11. I know the Levain style is thick, but maybe you need to flatten yours just a tiny bit before baking. If they were just an eighth of an inch less thick your problem might be solved. That said, another thing to try would be to bake on silicon mats instead of parchment. The mats insulate and will prevent so much heat transferring from the pan, lessening the browning of the bottoms. Another thing to try would be cooling racks. I know the Levain recipes say they don't use cooling racks, but, you might get better results with cooling off the sheet pans to reduce cooking the bottoms. At any rate, with raw centers, you clearly need to go for a longer bake, try reducing the temp a little and going 4 minutes longer with either silpats or cooling racks. I'd bring my own sharpie (pink!) and make my own mark on that dial when I get to the perfect temp, doubt that anyone will notice.
  12. Agree that the color is fine if not a bit too pale. Americans are now accustomed to seeing pale baked goods in supermarkets where they use shortening instead of butter as the fat which gives a pale result. What you want is dark brown and delicious. Most baked good should be the color of a medium wood finish -think mahogany or walnut. (oak is way too light)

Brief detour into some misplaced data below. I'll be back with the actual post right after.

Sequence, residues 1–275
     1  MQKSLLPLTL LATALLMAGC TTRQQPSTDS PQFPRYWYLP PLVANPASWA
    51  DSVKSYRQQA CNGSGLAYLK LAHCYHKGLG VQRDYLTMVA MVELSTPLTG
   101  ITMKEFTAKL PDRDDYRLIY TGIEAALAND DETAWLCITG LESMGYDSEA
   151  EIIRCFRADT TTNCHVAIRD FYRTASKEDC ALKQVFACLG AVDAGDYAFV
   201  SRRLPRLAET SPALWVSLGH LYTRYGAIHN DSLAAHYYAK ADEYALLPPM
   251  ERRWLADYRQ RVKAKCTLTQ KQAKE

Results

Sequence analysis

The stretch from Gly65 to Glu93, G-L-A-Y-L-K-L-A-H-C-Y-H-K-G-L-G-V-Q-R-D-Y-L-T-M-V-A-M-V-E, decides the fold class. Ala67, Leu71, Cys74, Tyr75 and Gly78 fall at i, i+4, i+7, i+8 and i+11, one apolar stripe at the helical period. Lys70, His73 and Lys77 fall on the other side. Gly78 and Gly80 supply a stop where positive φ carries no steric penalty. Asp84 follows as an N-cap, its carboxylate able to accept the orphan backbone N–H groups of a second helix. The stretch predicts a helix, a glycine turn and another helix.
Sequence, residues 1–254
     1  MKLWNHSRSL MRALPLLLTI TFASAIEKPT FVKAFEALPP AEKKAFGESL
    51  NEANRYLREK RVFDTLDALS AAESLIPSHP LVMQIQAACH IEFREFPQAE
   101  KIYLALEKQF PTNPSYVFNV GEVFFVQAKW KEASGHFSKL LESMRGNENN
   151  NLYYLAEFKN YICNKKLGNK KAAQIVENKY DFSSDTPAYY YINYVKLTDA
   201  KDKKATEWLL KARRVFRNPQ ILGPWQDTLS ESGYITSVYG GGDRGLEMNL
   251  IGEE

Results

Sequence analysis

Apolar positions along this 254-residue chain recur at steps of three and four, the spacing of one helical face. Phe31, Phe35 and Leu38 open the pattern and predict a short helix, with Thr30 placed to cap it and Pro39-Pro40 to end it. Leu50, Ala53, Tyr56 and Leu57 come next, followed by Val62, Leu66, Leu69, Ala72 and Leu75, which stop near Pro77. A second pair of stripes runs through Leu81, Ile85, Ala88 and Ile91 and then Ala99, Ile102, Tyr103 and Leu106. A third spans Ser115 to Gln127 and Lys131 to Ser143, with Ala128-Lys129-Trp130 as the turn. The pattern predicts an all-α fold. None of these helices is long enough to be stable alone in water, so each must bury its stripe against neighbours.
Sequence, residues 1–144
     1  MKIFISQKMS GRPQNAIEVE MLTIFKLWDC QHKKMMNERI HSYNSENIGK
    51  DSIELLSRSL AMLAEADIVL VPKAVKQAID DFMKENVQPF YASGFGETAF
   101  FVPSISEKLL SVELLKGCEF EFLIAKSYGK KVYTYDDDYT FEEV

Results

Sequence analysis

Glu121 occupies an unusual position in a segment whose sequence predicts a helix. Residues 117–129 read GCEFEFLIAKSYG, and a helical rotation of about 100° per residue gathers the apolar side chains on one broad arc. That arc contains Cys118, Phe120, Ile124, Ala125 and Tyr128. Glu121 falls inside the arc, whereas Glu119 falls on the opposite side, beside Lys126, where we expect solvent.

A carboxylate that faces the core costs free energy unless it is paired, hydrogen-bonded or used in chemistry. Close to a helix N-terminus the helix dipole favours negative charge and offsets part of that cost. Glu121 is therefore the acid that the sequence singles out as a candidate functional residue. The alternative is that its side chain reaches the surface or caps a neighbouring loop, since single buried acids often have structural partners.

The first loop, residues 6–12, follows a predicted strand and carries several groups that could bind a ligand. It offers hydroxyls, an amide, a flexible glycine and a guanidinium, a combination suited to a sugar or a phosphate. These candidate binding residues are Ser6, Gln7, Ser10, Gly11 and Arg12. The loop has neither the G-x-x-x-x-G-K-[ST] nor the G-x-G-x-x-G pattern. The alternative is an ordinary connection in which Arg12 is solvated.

13. Lisa Shock

    Celiac Disease

    I looked at the menu. Their Caesar salad is one item in their 'gluten friendly' section of the menu. One item listed as part of the salad is croutons. I suspect they don't have separate dishes, pans, linens, or silverware for people with celiac disease because they seem to have such a poor understanding of it. "Run away!" -King Arthur, Monty Python and the Holy Grail
  14. Looks like many of the food studies that we've marveled at over the years were deeply flawed and their results often falsified. Thirteen of his 150+ studies have now been retracted by the publishers with more being looked at by peers. https://www.motherjones.com/food/2018/09/cornell-food-researcher-brian-wansink-13-papers-retracted-how-were-they-published/ Looks like a case of seeking fame and fortune more than valuing the truth.